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December 26, 1936


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JAMA. 1936;107(26):2102-2104. doi:10.1001/jama.1936.02770520004002

It is generally known that poliomyelitis virus possesses a high degree of host specificity, man alone being susceptible to natural infection. With the exception of certain Old World species of monkeys, lower animals of all kinds are refractory to it. Even those species of monkeys which yield to experimental inoculation never contract the disease spontaneously from infected associates. They also are therefore endowed with a fair degree of natural resistance, differing from the natural state in man in that quite artificial conditions must be imposed to induce infection. This difference in susceptibility, incidentally, must be borne in mind in the application of experimental results to man.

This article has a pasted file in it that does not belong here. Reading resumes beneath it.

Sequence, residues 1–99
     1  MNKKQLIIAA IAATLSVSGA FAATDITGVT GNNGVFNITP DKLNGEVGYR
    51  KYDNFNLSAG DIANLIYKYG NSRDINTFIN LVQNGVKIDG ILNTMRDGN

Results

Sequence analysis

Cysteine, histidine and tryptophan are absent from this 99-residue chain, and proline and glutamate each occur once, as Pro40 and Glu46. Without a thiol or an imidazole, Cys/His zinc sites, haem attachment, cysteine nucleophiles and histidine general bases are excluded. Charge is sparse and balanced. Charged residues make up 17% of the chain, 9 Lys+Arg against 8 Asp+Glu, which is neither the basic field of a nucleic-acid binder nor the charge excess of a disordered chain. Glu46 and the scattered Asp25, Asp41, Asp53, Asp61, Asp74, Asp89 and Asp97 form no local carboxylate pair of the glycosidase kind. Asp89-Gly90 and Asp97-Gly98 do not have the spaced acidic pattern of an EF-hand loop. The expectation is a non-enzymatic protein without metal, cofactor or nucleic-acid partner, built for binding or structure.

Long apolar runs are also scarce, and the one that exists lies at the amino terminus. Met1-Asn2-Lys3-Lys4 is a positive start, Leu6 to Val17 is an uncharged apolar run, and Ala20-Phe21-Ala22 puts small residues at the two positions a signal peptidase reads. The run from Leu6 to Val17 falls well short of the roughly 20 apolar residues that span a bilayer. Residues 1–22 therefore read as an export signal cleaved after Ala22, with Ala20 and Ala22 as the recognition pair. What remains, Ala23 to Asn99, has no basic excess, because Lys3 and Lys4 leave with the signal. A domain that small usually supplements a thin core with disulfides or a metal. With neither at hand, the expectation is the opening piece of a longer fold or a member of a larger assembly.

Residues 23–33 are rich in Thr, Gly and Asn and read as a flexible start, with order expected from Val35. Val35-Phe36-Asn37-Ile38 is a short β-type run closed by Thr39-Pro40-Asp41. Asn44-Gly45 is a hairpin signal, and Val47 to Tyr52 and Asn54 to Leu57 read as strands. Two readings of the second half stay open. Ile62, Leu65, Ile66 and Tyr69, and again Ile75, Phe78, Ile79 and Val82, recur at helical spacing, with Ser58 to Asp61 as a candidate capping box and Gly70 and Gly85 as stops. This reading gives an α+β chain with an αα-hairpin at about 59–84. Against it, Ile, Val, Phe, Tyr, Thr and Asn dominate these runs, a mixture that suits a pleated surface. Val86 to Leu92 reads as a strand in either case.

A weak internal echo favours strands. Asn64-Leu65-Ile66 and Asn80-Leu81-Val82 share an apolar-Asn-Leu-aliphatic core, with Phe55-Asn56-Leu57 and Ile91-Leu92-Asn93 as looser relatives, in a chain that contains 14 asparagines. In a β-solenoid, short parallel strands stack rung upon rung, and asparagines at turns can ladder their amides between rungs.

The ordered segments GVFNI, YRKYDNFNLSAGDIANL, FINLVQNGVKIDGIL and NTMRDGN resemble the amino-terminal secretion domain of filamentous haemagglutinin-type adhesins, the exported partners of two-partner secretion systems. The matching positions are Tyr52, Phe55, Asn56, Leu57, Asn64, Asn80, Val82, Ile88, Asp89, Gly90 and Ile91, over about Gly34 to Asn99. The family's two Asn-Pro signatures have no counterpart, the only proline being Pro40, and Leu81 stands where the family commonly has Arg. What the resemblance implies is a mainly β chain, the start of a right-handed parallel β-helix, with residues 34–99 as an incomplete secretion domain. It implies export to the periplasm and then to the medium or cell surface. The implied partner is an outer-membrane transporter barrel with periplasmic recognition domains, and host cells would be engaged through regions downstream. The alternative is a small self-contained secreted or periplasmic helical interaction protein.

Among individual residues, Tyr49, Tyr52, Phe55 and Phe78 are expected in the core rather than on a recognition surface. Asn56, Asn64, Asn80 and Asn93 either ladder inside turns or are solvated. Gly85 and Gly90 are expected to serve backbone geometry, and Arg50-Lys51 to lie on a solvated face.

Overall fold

The resistance exhibited by naturally refractory animals does not appear to be related to humoral antibodies, for the serum from such animals rarely inactivates the virus in vitro even when a high ratio of serum to virus is employed. On the contrary, it appears

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